About Caspian Horses
Caspian horses are small originally from Iran. Although
generally no more than 12 hands (1.22 metres) high, they are nevertheless
considered to be a horse rather than a pony.
|Caspian stallion Willesley Sir Tristan (TeAra Bergstrom photo)|
They are a similar build to Arabian horses, and they are
extremely hardy, with very dense bone and hard feet that rarely need shoeing.
They can take long strides and are able to keep up with normal-sized horses
while walking, trotting, or cantering, despite their smaller stature. The most
common colors are bay and black, though they may also be grey, dun, or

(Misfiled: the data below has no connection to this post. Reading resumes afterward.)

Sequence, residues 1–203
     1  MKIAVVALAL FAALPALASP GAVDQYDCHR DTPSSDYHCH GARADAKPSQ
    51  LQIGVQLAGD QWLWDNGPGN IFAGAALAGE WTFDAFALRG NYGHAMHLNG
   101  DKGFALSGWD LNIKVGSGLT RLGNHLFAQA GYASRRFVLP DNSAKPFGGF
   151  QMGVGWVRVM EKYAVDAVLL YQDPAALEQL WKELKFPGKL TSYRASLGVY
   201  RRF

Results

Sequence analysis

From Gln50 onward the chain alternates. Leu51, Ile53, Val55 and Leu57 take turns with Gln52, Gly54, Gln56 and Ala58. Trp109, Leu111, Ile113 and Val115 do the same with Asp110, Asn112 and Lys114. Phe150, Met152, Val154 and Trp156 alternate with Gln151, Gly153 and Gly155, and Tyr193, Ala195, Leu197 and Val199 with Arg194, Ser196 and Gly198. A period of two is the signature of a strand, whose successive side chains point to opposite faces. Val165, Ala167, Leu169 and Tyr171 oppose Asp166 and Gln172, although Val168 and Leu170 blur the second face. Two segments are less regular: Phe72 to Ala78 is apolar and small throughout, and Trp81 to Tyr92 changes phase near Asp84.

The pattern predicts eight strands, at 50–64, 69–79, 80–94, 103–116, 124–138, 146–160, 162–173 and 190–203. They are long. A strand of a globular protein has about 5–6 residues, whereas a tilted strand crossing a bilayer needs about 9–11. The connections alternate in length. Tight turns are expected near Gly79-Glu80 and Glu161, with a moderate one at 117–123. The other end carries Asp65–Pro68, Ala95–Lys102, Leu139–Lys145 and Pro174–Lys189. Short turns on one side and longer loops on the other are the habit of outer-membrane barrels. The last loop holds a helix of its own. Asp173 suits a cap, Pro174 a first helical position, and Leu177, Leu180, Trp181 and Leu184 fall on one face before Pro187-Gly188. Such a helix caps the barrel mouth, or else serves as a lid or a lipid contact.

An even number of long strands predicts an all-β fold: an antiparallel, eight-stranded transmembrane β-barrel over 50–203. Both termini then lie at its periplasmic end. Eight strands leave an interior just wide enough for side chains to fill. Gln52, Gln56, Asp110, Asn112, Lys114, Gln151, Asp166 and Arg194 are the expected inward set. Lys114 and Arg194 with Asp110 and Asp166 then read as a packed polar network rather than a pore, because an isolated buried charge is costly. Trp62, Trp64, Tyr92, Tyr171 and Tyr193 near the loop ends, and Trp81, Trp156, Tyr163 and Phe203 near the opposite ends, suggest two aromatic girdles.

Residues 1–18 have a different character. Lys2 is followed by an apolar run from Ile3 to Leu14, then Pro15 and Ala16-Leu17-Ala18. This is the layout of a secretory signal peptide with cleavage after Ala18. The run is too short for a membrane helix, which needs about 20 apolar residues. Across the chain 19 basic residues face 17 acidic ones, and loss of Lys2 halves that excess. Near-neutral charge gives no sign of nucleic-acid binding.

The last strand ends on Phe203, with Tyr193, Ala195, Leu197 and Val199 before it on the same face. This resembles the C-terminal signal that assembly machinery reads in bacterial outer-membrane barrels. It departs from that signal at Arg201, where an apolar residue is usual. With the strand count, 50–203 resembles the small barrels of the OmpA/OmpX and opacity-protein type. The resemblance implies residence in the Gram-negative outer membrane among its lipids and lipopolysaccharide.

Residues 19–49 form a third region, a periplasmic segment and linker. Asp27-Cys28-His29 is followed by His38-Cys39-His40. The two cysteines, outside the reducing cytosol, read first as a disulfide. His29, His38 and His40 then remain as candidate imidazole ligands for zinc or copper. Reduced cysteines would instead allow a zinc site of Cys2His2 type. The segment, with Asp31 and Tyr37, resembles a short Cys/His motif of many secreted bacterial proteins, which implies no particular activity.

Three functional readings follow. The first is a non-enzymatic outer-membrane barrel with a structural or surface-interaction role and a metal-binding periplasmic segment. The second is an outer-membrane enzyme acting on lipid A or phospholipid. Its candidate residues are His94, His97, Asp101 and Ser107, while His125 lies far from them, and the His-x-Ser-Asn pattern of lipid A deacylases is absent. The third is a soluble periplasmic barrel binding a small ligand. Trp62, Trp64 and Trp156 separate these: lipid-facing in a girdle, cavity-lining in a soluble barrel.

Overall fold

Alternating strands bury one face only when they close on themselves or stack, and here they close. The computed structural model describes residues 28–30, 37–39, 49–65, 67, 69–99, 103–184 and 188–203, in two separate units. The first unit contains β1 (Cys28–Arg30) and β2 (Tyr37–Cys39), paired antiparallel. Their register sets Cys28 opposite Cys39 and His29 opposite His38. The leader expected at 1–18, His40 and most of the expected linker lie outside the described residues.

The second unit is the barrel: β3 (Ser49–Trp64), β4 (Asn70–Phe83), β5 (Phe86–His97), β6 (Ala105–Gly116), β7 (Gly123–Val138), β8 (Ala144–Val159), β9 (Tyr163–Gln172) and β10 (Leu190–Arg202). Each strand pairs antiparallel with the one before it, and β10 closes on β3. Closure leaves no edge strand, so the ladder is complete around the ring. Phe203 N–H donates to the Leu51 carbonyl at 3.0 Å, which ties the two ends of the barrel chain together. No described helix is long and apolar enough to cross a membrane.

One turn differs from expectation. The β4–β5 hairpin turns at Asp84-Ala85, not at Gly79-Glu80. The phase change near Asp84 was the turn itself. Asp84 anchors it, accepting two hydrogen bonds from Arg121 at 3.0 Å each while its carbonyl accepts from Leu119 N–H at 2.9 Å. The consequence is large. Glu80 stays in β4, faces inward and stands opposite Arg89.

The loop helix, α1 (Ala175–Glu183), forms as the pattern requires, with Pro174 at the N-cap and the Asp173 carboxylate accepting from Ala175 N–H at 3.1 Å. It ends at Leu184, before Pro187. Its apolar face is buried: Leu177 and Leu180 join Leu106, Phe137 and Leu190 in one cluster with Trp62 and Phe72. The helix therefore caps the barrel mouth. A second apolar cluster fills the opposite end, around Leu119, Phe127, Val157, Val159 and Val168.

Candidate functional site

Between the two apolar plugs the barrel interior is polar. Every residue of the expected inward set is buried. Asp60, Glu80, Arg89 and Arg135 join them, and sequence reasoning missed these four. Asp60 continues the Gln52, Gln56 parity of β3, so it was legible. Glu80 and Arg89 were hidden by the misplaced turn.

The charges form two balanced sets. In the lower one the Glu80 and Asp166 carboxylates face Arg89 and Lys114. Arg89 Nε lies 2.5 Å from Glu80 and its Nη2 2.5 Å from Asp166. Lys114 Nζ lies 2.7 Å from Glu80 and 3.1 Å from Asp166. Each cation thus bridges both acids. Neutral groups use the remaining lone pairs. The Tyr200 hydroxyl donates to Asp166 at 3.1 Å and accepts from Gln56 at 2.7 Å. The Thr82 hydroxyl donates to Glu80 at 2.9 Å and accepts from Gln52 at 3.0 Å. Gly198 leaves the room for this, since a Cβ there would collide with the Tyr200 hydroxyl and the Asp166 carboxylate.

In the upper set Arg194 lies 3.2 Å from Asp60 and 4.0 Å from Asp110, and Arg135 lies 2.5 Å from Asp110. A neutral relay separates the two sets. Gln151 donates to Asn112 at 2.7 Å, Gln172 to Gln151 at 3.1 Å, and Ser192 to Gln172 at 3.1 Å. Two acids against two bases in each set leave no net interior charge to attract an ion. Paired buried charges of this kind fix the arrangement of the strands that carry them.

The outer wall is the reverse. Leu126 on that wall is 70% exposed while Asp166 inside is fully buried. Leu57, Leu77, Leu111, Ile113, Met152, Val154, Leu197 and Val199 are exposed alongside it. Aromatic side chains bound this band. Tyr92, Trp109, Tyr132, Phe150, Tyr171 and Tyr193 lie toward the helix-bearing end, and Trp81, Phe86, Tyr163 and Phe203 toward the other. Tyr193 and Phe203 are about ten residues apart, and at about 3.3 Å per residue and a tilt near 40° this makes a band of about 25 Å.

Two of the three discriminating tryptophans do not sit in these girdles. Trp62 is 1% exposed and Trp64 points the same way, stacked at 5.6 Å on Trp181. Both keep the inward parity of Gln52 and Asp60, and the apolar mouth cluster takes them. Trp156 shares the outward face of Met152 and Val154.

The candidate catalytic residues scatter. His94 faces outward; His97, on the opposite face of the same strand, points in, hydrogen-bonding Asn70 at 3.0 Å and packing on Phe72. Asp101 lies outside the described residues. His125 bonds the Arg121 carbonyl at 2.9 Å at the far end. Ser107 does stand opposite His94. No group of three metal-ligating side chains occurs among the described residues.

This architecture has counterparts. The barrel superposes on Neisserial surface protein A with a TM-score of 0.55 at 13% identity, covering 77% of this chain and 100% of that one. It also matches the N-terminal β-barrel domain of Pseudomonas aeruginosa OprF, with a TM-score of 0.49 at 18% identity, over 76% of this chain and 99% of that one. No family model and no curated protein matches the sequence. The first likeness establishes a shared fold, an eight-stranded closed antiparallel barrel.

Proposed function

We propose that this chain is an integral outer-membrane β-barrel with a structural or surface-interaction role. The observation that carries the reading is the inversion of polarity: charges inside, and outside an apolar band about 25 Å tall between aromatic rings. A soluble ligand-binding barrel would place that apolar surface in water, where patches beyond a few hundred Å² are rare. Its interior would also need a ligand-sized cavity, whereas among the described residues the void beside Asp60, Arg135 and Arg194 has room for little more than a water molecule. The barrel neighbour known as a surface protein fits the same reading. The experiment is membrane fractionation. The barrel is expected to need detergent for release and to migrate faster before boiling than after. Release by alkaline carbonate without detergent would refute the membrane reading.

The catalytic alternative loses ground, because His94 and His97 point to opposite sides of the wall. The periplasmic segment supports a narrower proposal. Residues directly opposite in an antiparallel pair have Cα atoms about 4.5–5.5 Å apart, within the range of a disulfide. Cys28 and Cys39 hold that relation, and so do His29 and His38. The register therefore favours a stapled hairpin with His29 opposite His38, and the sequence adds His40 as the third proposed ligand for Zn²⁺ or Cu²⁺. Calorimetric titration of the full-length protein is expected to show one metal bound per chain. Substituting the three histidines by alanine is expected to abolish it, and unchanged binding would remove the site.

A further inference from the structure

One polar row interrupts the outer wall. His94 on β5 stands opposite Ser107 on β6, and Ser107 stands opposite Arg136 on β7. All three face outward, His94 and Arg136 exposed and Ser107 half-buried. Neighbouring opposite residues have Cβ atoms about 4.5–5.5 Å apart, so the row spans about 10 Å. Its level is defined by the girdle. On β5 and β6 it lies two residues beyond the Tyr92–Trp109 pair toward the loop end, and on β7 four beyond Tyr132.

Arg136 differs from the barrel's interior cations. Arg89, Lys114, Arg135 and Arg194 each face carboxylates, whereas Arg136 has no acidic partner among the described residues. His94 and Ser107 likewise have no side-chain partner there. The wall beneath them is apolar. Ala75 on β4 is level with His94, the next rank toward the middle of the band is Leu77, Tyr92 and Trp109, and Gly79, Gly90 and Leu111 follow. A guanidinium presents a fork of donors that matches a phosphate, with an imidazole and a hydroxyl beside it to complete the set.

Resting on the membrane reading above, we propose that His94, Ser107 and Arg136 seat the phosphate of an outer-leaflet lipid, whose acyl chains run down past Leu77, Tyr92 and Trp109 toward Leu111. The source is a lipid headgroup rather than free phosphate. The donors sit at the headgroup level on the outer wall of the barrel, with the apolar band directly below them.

Although the Caspian horse may have had a long history in
its own country it did not really become known to the rest of the world until
it was "discovered" by an American-born Iranian horse breeder, Louise
Firouz, in the 1960s. Within a few years some had been exported to the United
States, and in 1976 a Caspian stud was formed in England. Since then the breed
has also been established in Australia and New Zealand.
They were first imported into New Zealand by Helen Rattray
in the late 1970s and early 80s. Helen bred quite a few crossbreds but also 29
purebreds, a lot of these were sold to America where some did very well in the
show ring and it was really these horses that were instrumental in establishing
the breed in the US.